In December 2010, I wrote a hard-hitting investigative piece debunking a rumor that Academy Award winner (and consistent nominee) Hans Zimmer (IMDb) was definitely going to score the Christopher Nolan-produced, Zack Snyder-directed Superman relaunch, MAN OF STEEL, based solely on a comment he made. At the time, Zimmer was only thinking out loud when asked about the possibility, but several sites ran with it as if it were gospel.
As of this week, it is.
Variety reports that Nolan’s go-to musical maestro will indeed score MAN OF STEEL. Zimmer hasn’t spoken publicly yet about getting the gig, but we can revisit the composer’s original pondering that started the rumor mill churning way back in 2010:
“It’s a hard one,” mused Zimmer, “but I followed one of the most iconic things on ‘Batman’ with Chris as well, and it’s the same thing. You are allowed to reinvent, but you have to try to be as good or at least as iconic and it has to resonate and it has to become a part of the zeitgeist. That’s the job. On ‘Gladiator’ I remember people always talking about ‘Spartacus’ and I kept telling them, ‘When you saw ‘Spartacus’ and how it affected it you, that’s how I want a modern audience to be affected by what we do now.’ So I think ultimately you’re supposed to reinvent.”
My fellow Gentlemen and I spoke at length about this in a recent podcast. MAN OF STEEL needs to have its own theme. On the other hand, it needs to be as big and as iconic as the infinitely memorable John Williams score (which remains my favorite movie music of all time). Based on his track record, Zimmer will undoubtedly deliver.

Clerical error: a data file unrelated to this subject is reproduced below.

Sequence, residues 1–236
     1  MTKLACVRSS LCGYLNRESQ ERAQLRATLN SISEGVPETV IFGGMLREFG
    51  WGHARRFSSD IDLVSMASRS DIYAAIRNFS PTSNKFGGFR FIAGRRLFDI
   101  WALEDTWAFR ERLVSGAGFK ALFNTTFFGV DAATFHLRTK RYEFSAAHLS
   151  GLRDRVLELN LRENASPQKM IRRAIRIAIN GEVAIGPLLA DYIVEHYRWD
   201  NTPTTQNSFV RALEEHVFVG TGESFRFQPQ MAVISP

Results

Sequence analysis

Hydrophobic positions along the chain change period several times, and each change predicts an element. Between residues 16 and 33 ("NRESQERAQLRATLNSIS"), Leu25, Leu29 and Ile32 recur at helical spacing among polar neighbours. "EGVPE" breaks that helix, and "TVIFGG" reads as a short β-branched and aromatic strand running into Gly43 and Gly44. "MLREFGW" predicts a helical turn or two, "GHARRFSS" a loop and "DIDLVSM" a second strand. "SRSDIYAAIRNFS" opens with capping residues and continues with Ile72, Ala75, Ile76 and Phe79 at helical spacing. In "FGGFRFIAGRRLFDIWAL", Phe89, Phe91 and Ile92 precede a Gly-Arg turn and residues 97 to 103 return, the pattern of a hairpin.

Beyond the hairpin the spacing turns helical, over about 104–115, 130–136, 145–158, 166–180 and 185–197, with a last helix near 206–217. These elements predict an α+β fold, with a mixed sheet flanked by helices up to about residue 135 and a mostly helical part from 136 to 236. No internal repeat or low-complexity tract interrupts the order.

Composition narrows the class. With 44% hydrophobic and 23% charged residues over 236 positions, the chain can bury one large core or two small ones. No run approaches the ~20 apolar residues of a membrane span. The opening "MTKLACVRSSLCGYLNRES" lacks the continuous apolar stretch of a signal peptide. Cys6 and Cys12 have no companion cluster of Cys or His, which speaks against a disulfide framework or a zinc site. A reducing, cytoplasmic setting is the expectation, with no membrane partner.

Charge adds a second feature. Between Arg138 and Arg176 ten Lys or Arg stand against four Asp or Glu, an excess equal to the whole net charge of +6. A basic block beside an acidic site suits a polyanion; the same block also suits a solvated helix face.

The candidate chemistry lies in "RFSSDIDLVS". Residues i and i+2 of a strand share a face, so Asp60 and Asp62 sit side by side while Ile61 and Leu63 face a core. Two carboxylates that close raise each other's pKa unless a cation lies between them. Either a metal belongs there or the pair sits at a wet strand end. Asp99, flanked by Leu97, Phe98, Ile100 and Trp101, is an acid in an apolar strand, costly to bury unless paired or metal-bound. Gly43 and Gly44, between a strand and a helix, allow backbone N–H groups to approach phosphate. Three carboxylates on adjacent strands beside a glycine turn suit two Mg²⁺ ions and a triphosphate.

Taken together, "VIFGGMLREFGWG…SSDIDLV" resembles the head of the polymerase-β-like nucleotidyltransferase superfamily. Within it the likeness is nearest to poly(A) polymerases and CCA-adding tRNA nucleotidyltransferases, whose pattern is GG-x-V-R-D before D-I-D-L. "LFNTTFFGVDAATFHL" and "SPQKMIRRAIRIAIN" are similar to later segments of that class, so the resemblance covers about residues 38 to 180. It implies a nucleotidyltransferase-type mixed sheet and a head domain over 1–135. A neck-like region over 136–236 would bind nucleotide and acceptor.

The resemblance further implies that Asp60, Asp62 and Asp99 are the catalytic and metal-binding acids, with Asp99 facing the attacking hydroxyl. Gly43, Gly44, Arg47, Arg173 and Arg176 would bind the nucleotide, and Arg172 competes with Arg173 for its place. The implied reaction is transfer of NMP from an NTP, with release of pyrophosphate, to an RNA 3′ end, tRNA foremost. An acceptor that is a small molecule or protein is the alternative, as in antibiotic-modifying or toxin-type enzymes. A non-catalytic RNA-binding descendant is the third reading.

Still no official word on when we’ll get our first trailer, but the good folks at Warner Bros. do have a Batman movie coming out in a month … and we’d still love to see an IMAX prologue before THE HOBBIT in December.
MAN OF STEEL stars Henry Cavill as Superman/Clark Kent, Amy Adams as Lois Lane, Michael Shannon as General Zod and Antje Traue as his evil lieutenant Faora, Diane Lane and Kevin Costner as Clark’s adoptive Earth parents Martha and Jonathan Kent, Russell Crowe and Ayelet Zurer as his biological family Jor-El and Lara Lor-Van, Laurence Fishburne as Daily Planet editor Perry White, Richard Schiff as Dr. Emil Hamilton, and Christopher Meloni and Harry Lennix as military men called in to see what all these flying space people are carrying on about. And that’s how you cast a movie.